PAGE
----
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Fifth-century Roman city wall dug up in Tortosa
07 August 2016 @ 17:08

EXCAVATIONS in the popular expat town of Tortosa (Tarragona province) have uncovered a chunk of a fifth-century Roman city wall – the oldest archaeological finding to date in the area.

At 40 metres (130 feet) long and three metres (9'9”) high, the boundary wall found in the plot opposite Tortosa cathedral acted as a fortress for what was known in the late Roman era as the city of Dertosa.

Other than remains of walls belonging to residential homes, or human remains, pottery and similar artefacts, nothing of such outstanding historical value dating back to this era has ever been found on the Costa Daurada, archaeologists say.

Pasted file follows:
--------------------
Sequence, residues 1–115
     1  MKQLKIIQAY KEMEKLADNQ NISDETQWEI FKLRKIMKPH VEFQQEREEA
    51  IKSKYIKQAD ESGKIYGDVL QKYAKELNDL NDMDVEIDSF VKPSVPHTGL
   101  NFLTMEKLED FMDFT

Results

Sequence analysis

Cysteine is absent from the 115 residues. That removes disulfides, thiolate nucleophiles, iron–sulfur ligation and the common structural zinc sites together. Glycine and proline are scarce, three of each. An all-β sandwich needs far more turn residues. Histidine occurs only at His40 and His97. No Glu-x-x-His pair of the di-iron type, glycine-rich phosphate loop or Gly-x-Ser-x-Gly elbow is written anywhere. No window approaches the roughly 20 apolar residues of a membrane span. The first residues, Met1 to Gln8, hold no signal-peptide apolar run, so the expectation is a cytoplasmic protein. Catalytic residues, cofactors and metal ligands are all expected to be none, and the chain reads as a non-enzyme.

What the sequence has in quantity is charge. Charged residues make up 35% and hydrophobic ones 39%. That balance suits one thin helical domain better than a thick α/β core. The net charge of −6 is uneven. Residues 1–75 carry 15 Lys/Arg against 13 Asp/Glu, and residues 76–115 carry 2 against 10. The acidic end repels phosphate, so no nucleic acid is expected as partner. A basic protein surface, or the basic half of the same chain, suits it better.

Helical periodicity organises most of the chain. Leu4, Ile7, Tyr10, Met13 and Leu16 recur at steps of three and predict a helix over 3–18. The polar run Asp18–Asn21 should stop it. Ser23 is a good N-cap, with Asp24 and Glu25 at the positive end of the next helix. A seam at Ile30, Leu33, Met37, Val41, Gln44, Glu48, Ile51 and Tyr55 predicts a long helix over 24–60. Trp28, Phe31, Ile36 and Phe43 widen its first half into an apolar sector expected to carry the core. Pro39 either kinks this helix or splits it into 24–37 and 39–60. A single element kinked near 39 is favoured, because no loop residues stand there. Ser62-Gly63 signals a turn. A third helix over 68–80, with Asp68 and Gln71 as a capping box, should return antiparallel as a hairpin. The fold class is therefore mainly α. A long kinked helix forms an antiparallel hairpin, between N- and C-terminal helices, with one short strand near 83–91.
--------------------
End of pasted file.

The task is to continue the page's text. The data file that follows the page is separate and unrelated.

Mediaeval home foundations, dating back to the Arab or Andalusí era, have been found on the site already, but these are far more common along Spain's eastern and southern coasts, and even the public square built in the first or second centuries, in the Roman times, are more run-of-the-mill than the recent discovery of the city wall.

Tortosa town hall is working on ways of preparing the dig to allow visitors to wander round and find out for themselves what the municipality was like during the Roman Empire, once it has been able to invest more money and time in building the new Plaza which will open out the cathedral complex to the banks of the river Ebro.


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